MM: I was initially planning a number of redundancies. But after Covid-19 struck, I changed my plans. I took advantage of government aid to put workers on furlough and decided not to go ahead with job cuts. I want to offer employees the opportunity to switch to other roles instead, provided they accept new conditions. Blufin currently has nearly 90 employees, and some changes are necessary in the way it operates, which can sometimes appear anachronistic.
FNW: Have you also made changes to the distribution strategy?

MM: Yes, there too we adopted an entirely new approach. We are now focusing on the wholesale channel, putting the Riccardo Grassi showroom in charge of commercial operations, with the goal of establishing partnerships with top stores worldwide.
FNW: And what about [Blumarine’s] monobrand stores? Lately, Blufin was operating a network of some 30 shops.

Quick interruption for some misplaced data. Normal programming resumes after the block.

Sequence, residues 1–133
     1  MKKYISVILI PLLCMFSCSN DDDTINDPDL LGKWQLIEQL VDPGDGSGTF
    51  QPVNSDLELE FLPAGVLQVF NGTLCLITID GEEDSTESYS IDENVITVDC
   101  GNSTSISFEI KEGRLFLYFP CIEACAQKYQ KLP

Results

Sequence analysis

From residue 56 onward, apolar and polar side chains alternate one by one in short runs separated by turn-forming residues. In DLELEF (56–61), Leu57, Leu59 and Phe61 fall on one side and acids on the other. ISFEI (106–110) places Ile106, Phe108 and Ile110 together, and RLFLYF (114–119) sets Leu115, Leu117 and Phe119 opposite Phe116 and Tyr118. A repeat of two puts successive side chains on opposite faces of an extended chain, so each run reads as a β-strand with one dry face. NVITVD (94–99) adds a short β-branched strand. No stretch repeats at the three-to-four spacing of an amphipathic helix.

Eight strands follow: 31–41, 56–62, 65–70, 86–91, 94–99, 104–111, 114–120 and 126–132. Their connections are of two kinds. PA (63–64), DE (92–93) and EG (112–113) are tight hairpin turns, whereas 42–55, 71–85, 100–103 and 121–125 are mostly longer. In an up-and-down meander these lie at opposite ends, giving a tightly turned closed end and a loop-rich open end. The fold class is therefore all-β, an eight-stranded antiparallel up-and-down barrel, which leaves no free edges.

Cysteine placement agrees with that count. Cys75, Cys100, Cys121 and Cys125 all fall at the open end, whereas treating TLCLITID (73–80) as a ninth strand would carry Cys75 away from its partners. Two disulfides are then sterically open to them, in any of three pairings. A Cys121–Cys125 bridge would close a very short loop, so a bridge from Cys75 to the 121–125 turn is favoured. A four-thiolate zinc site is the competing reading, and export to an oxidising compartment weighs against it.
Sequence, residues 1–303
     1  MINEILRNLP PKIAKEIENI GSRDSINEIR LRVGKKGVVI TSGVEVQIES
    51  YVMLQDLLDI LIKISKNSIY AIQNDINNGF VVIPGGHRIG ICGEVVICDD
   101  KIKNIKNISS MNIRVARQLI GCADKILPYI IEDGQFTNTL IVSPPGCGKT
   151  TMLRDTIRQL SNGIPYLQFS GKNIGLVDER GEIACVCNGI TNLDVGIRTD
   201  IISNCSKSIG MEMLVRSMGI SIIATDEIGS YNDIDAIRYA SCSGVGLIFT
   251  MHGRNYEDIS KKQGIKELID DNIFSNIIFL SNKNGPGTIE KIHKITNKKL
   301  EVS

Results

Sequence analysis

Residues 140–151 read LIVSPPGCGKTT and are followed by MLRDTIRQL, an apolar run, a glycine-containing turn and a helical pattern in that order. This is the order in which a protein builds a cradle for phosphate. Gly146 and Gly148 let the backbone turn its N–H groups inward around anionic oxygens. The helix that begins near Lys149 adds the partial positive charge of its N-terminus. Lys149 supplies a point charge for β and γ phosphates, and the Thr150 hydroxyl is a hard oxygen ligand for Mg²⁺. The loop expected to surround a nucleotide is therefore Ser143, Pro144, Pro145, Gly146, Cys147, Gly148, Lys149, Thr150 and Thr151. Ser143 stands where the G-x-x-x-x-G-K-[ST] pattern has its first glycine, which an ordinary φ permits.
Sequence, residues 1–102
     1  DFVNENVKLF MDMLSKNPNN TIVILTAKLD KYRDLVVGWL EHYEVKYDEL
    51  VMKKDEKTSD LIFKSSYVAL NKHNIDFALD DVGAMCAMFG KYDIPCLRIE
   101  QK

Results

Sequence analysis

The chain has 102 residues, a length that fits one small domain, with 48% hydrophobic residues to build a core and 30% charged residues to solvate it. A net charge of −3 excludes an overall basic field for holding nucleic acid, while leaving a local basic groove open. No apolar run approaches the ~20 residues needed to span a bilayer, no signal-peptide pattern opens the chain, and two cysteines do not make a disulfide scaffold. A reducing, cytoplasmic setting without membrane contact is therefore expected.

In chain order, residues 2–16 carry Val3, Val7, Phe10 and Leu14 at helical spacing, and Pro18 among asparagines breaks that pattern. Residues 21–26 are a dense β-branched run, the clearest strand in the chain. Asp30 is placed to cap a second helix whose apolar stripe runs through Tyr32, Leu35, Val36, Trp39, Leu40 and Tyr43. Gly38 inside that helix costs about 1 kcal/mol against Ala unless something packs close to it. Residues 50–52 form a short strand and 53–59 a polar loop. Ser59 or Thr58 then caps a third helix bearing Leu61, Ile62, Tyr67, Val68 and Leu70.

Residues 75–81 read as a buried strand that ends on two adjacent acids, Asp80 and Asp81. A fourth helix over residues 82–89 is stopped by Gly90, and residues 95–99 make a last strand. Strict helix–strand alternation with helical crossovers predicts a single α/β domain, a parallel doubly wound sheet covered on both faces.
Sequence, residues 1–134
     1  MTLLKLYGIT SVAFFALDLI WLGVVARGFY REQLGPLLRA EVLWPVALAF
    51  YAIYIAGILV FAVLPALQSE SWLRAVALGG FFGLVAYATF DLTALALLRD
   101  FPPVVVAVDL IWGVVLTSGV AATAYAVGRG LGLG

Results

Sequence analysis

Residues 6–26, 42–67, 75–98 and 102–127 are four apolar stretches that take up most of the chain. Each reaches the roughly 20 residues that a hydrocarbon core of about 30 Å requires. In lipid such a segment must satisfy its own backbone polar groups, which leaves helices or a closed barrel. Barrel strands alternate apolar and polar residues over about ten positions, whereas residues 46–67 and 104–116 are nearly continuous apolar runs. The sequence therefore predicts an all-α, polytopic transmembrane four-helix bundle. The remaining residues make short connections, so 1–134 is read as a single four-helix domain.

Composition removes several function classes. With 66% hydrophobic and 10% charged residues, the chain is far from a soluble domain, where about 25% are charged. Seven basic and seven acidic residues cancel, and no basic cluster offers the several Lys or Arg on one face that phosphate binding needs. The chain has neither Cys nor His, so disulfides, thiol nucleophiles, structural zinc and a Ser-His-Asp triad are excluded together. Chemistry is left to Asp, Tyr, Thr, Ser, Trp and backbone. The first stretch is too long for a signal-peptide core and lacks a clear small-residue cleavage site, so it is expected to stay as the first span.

With the exception of the Blumarine store in Rome and a few boutiques in Asia - in Japan, South Korea and Taiwan - the label's main stores have been closed down in the last few years. We also shut the Milan flagship store, located in Via della Spiga, because we think the style of [the latter] as a commercial artery has changed.
FNW: Will you preserve the label’s highly feminine, slightly opulent style?
Yes, we will maintain [Blumarine’s] lavish look. Blumarine has a very specific DNA, its femininity flirts with seduction without veering into vulgarity, emphasising a Mediterranean cultural outlook and aesthetic. The label has extraordinary potential, especially in terms of women's ready-to-wear. It can make its mark as a label that knows how to dress women in gratifying fashion. I think [Blumarine] can play a strong hand in the apparel segment, one where there is room to expand and much to do, rather than in accessories.
FNW: What will Blumarine's positioning be?